Of course I’m interested in creating this connector, but I can’t. As I work in a big company, I’m “behind” a proxy server. In Easymorph I only have an error message “Can’t authorize”. Here is the true error caught by fiddler :
What do you think ? Is this proxy authentication to manage ?
@dgudkov It seems that you have to include in the http request the property “UseDefaultCredentials” to “True” : https://docs.microsoft.com/fr-fr/dotnet/framework/configure-apps/file-schema/network/defaultproxy-element-network-settings
Microsoft desktop clients are also using it for big companies with proxy.
Is it possible for us to include it now in EasyMorph.config.xml or in new config file without delivering a new easymorph desktop version ?
You may also have to increase DefaultMaximumErrorResponseLength from 64 to 1024 because SOAP error responses go over the limit.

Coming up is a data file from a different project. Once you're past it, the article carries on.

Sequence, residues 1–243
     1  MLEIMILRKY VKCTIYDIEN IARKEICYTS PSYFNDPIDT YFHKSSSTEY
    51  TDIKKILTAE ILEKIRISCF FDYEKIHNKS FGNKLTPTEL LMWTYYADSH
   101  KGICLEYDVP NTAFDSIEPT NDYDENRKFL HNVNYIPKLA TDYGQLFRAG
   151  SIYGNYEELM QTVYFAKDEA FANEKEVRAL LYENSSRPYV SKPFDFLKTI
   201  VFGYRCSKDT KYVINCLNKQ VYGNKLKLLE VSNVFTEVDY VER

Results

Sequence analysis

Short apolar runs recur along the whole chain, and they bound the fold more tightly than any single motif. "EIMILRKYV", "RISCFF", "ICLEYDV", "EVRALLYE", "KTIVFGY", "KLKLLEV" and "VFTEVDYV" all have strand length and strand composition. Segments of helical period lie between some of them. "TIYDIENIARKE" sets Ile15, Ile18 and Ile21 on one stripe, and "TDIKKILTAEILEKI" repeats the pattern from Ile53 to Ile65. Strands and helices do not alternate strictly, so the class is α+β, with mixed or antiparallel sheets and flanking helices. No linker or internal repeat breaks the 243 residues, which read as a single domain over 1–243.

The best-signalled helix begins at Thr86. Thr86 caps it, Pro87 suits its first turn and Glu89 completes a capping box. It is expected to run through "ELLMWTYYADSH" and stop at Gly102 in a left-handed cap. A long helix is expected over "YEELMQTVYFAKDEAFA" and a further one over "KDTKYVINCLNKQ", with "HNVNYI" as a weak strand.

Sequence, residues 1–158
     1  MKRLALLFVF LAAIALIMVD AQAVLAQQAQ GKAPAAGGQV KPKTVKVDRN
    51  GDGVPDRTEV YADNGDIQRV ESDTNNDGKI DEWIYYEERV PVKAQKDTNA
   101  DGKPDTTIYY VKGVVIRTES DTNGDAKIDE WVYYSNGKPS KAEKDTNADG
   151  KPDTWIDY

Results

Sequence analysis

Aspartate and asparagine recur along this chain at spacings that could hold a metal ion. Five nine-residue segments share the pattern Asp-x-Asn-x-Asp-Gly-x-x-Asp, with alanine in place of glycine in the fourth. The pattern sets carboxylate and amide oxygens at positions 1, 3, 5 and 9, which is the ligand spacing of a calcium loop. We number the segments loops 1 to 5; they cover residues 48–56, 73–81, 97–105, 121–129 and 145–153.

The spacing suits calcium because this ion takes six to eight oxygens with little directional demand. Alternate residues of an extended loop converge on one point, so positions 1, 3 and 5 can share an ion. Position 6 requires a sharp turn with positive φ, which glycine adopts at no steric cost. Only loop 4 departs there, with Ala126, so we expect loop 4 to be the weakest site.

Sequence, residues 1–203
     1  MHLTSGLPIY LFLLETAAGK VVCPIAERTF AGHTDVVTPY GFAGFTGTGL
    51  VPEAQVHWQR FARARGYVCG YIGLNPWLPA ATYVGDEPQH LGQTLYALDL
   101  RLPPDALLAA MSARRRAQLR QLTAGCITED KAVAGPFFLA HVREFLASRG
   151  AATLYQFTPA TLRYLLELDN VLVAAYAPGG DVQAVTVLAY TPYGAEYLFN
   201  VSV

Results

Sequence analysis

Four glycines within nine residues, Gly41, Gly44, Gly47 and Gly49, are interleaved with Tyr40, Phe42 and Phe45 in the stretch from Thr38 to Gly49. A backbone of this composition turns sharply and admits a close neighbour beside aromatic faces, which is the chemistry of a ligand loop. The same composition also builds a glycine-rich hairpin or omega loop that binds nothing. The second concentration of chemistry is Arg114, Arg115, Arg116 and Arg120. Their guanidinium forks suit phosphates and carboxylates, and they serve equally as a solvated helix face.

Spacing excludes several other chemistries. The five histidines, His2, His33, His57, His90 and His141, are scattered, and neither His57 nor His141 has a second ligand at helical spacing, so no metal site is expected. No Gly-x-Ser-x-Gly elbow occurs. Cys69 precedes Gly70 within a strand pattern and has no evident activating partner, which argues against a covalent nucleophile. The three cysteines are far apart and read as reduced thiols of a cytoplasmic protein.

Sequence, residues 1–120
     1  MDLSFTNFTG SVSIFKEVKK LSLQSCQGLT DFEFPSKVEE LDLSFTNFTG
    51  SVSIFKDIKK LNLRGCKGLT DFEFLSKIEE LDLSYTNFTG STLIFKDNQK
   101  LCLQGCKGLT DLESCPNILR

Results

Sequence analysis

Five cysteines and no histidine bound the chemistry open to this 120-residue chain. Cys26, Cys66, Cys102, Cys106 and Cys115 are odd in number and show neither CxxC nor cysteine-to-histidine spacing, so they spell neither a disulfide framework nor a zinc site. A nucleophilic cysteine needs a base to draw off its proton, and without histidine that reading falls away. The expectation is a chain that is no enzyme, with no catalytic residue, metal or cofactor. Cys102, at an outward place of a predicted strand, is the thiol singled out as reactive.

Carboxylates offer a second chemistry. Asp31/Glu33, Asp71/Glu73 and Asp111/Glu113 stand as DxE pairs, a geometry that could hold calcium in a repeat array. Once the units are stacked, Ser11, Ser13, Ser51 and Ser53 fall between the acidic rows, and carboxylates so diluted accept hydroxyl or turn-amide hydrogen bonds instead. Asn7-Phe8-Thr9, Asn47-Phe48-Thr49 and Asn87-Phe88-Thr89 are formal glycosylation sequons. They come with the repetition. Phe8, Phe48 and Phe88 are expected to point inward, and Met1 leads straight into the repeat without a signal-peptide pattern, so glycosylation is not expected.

You can try to modify files
Morph.Launcher.exe.config (located at
C:\Users\<username>\AppData\Local\EasyMorph) and append a new text just
</configSections> tag for
<configuration> tag for
<defaultProxy enabled="True" useDefaultCredentials="True">
What problem are you trying to solve? Do you have any issues with SOAP processing?
It’s working. I can even see the opening popup of new version 4.6 that did not appear before
Now I just have to authorize Easymorph in the Power BI administration and I hope it will be ok.
@ckononenko Can you help a little bit on Easymorph registration in Azure ? I mean now I have a screen requesting admin approval for Easymorph. So I guess we have to register Easymorph in Azure AD. Can you explain how it can be done ?
I understand that first we need to create the Easymorph App, get the client ID that we will put in the Easymorph connector as “App UID”. I don’t exactly know how to set properties there. Then we must give the good privileges for this app and maybe that’s all ?
There are at least two options:
Option A. You can use the built-in EasyMorph App, but your corporate admin should grant access to use this app in your organization.
Short info could be found here https://docs.microsoft.com/en-us/azure/active-directory/manage-apps/grant-admin-consent
Option B. Create your own Application client ID.